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What’s more, in almost every case of this nature, the scammers are never caught; there is also often little chance of recovering the money that has been lost. All in all, then, the duped grandparent can be left out of pocket – simply for trying to do a good deed for a relative in need.

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This, sadly, appeared to be the reality for Spencer’s passenger. And although his intervention meant that he had stopped the victim from handing over further funds, some damage had already been done. After going to the police department, however, the taxi driver took the elderly woman to the bank to try and stop the scammer from getting their hands on her money.

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“The bank manager took care of business and closed [the senior’s] accounts,” Spencer told Boston 25 News in February 2019. “Hopefully it was soon enough.” Unfortunately, though, police later confirmed that the $4,000 the grandmother had been tricked out of earlier in the day could not be recovered.

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Still, the Quincy Police Department were very grateful for Spencer’s help in preventing the woman from handing over even more money. “There is still good in this world – and he works here in Quincy,” the department later wrote on its Facebook page. “This, ladies and gentlemen, is a textbook grandparent scam.”

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“While the victim in this scam may be out $4,000 (which is a substantial amount of money), it could have been much, much worse,” the Quincy police’s post continued. The message also went on to give some advice for shop-workers. And hopefully such information will help people to identify these scams and so prevent them from occurring in future.

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“Cashiers, etc: If you work in an environment that sells gift cards, take a moment to ask yourself – does this make sense?” the police department’s post explained. “Why would an 87-year-old individual need $4,000 in gift cards to this particular store/app? Ask questions.”

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“Sure, there may be a legitimate reason, but if you take the time and ask the questions, you just might prevent someone from falling victim,” the post concluded. The crux of the department’s advice appears, then, to rest on the assertion that prevention is better than cure. Specifically, it’s easier to stop a scam in the first place than to try to recover the money afterwards.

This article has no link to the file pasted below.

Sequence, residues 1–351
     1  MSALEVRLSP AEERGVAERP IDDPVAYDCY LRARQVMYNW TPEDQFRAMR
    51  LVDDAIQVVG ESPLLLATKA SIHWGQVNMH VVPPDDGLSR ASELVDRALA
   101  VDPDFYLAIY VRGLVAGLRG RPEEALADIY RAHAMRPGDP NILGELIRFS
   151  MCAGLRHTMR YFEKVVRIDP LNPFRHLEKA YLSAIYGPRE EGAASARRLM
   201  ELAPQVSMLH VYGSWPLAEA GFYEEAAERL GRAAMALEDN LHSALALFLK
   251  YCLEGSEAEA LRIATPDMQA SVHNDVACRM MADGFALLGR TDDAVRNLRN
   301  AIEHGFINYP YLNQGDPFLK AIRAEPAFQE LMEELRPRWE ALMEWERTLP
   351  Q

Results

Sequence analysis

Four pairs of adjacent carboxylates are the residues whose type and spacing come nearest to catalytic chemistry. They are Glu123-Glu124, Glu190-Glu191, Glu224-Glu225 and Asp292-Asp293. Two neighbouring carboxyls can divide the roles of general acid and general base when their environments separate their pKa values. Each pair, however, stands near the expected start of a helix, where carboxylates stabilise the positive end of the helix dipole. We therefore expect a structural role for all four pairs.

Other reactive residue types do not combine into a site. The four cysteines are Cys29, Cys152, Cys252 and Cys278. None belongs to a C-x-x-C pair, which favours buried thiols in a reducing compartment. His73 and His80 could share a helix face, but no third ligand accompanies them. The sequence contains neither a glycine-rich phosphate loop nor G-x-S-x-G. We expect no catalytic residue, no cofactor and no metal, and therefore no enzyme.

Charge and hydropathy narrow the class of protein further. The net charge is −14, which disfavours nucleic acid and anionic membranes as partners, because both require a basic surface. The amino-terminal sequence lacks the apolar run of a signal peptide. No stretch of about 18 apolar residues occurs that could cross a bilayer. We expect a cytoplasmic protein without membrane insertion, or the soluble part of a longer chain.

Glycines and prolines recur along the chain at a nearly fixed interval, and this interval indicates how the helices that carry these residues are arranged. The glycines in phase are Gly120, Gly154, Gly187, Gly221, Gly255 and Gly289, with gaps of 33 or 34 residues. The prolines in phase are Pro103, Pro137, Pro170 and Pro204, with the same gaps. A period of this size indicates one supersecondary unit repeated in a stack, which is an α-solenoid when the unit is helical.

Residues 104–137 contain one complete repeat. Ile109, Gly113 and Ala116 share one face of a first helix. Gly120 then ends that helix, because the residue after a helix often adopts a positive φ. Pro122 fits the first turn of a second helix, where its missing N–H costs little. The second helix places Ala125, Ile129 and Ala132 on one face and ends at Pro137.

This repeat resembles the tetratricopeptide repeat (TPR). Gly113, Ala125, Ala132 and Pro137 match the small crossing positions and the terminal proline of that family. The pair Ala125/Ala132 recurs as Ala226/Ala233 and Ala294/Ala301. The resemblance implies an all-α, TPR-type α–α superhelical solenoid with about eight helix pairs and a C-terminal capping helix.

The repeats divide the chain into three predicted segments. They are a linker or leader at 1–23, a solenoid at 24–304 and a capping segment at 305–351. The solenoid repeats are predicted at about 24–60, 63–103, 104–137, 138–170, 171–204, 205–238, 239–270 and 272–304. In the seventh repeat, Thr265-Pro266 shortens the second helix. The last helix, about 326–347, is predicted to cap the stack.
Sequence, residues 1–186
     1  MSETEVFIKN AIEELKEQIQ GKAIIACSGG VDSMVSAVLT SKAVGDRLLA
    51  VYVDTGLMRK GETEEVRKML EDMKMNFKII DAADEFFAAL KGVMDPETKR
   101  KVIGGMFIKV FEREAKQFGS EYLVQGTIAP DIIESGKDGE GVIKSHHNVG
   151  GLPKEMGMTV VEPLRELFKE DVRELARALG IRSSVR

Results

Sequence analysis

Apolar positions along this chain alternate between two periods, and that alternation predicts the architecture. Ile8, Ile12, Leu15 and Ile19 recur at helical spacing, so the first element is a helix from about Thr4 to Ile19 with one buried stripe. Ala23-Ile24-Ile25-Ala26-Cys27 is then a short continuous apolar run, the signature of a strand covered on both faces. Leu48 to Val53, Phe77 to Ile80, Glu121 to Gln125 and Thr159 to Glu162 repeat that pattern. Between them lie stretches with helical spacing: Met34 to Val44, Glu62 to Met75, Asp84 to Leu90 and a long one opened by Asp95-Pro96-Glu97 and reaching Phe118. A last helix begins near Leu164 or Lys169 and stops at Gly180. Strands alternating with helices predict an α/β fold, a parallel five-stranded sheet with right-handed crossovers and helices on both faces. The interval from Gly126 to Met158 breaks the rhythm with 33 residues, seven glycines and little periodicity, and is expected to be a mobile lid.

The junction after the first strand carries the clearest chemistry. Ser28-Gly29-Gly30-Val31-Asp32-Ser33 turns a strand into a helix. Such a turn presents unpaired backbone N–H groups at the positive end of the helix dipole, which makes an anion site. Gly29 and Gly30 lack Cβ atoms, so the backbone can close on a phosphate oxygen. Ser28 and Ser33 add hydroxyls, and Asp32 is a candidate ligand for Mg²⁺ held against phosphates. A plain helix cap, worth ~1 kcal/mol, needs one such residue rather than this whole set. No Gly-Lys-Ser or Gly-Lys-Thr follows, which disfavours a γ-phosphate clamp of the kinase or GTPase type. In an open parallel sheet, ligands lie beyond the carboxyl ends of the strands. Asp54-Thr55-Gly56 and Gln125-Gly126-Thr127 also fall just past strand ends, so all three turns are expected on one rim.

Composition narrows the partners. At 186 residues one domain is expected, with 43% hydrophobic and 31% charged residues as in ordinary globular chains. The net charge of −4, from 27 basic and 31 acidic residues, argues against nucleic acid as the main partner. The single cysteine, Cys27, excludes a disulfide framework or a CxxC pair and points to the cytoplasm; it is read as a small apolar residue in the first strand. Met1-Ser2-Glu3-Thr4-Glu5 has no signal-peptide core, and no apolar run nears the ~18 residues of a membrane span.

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And the National Consumers League (NCL) Fraud Center also has some advice for spotting grandparent scams. “Beware of any urgent solicitation of funds – especially if it is needed to pay for unexpected bills such as bail money, lawyer’s fees or doctor bills,” the organization has warned. So, if someone’s in a hurry for your money, question it.

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And the NCL has some more advice, too. “Before sending funds, [people should] independently contact the relative (or parent of the relative) the scam artist is claiming to be (or represent),” the organization has encouraged. “[They should do this] at a known number to verify the details of the story.”

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The NCL has further explained that scammers usually prefer to receive money by wire transfer, meaning people should be suspicious of any urgent request for money in this manner. The group also advises that con artists might phone during the late evening to disorientate elderly victims – perhaps by waking them up.

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If anyone has fallen victim to a scam, then, the NCL advises that they should quickly contact the relevant authorities. These could be “local law enforcement, their state attorney general and [the] NCL’s Fraud Center at Fraud.org.” And as Spencer had intervened in just that manner, the Quincy Police Department went on to thank the cab driver effusively.

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“Thank you, Mr. Spencer, for caring,” a February 2019 Facebook post from the department read. “You could have chosen to remain silent and ignore the signs. But you didn’t. And for that, we say thank you.” The message concluded with a raising hands emoji.

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Spencer himself claimed, meanwhile, that he had been thinking of his own family when he acted so selflessly. “I have an 87-year-old mother,” he said to Boston 25 News, while seemingly holding back his emotions as he talked to the station.

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“I think it’s the most reprehensible scumbag crime you can do,” Spencer continued. And the cab driver didn’t hold back in an interview with another network, either. Indeed, he seemed to go a step further in his condemnation of the scammers.